I'll be reading at Small Press Traffic on November 7th, from my second novel, California Wasn't Good For Us. California Wasn't Good For Us is an urban Navajo story, a tingling maiden story, a story about the hate we turn on ourselves in response to racism and Catholicism. Madness, alcoholism, greed and violence destroy the Calabasas; this is the story of the one survivor, Cebolla. This novel is Rabelain in both form and content.
I will read from one of the four chapters: Grandma's Hands, The Body of Christ, D.M.S.R. or Shi[ H0zh=.
The Body of Christ
Pictures came and I had the first of a long series of pock marks. I am fat. Fat in fourth grade. I wear a matching scarf and hat for the Christmas play. We sing carols and Christ is born, even after I tell him to go away; I don’t want him.
There’s snow on San Bruno Mountain and Joey Z’s mom brings a tailgate full of it down for all the stupid kids to gawk at. I could give a shit and I’m in trouble for carving Bitch in the red brick stairway on the southwest corner of the Church. St. Dunstan’s no longer has a hold on me. I am moving north again, full time back to our house on Mississippi.
Momi and me and Belle go up there after school and weekends. There’s a lot to do ‘cause the house is shit filled with garbage from Uncle and Grandpa. We clean. We clean and we finds lots of open bills stashed here and there still in their envelopes with the windows on. Plastic files, they hide in drawer bottoms and dark corners. There are lots of kinds of pain killers and lots of kinds of relaxation pills. Momi know most of them from her experience in the hospital.
At night I sleep no matter how hard I try not to. We bring a load of Momi's stuff and put it in the garage every weekend. Belle calls Sunset Scavenger to bring a debris box for the parking space under the tree that is starting to push the cement up. We fill that with Grandpa’s shit. Then we fill it with Uncle’s. Everything with feces we throw away before even thinking we can clean it. There’s a lot of stuff like that. More than I thought, even though I already don’t bring my body down there. I sleep where I happen to lay. Saturday’s are the longest. We drive 101 to 280 and park by 6 or 7. I don’t know when we get back to Green Street, I just know on Sunday I wake up there.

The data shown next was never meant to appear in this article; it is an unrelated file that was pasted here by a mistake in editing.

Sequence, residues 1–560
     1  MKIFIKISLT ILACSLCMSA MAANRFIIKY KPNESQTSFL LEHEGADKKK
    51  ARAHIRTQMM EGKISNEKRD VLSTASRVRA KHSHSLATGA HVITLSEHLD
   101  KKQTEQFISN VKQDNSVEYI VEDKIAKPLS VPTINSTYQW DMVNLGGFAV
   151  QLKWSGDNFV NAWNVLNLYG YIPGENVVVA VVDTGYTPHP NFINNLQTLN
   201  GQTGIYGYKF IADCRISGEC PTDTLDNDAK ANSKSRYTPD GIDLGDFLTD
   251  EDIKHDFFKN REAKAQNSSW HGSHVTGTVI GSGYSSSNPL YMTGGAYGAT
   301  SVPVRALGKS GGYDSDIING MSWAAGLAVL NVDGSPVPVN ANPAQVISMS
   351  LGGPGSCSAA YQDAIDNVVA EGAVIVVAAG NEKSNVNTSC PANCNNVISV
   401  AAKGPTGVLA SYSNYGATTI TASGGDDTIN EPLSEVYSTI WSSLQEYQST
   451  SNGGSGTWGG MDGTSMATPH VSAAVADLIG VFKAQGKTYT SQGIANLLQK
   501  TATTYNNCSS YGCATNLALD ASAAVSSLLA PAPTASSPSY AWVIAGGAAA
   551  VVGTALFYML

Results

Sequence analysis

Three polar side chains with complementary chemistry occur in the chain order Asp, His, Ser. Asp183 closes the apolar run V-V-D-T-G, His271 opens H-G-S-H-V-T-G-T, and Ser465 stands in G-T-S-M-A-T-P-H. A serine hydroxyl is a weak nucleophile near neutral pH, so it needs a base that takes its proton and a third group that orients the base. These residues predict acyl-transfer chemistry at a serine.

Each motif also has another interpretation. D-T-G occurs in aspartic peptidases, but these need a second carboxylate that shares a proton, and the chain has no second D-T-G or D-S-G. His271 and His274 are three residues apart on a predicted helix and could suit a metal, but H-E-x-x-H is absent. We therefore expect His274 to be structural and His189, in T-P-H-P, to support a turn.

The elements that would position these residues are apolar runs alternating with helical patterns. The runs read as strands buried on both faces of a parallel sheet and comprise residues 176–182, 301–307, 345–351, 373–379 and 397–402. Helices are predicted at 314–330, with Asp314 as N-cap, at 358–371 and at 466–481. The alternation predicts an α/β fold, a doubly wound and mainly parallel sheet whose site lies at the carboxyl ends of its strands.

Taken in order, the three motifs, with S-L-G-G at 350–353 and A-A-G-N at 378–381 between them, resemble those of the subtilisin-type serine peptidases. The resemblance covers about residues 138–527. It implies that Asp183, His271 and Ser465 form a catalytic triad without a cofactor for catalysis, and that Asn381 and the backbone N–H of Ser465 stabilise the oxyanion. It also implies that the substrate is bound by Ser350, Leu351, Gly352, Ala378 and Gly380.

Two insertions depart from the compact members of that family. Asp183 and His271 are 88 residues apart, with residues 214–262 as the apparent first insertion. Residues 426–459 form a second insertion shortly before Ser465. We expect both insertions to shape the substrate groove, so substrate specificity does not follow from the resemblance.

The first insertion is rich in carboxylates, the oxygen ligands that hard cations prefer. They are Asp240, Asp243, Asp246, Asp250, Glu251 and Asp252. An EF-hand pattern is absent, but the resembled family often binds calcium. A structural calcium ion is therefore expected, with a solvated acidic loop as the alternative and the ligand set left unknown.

When we get the first box filled she calls and they replace it with another. It goes like this for weeks and weeks and I only remember failing long division. Sr. Margaret thinks I’m stupid. When it’s clear I just can’t add. Arithmetic is the hardest thing I have ever attempted to really do right. Momi says it’s simple computation and while we clean up shit she tests me on multiplication. I know ones and five's and eleven's, the rest might as well be Latin.
We fill another box. And it’s almost two months of hidden division and sorting trash. Belle makes me a giant square with all the multiplication's drawn out. She tells me to memorize the patterns. See, if you look down this way the numbers increase by something and if you look this way these numbers make a square and those other ones make a ladder. She counts good because of bowling. She can make a perfect game. Momi says that means 300.
I sit down and try to copy out the table. I figure it might stick if I write it in my own hand. I’m especially concentrating on the cursive. Cursive don’t do nothing for numbers so I just make European sevens and figure that’s good enough as long as I remember.
Sr. Margaret tells me not to listen to my mother. Her math was old and in this day and age it can’t help me. All I know is Momi’s method is easier and mostly right. The only thing it doesn’t do is give me good explanations. Sr. Margaret requires good explanations. I gotta show her my work in the corner. I put scratches there to fake like computation. She can’t figure out how any one as smart as me could be this dumb. Everything with her is supposed to fit. I’m quiet while she is angry and that is the day she says, “don’t let your mother help you.”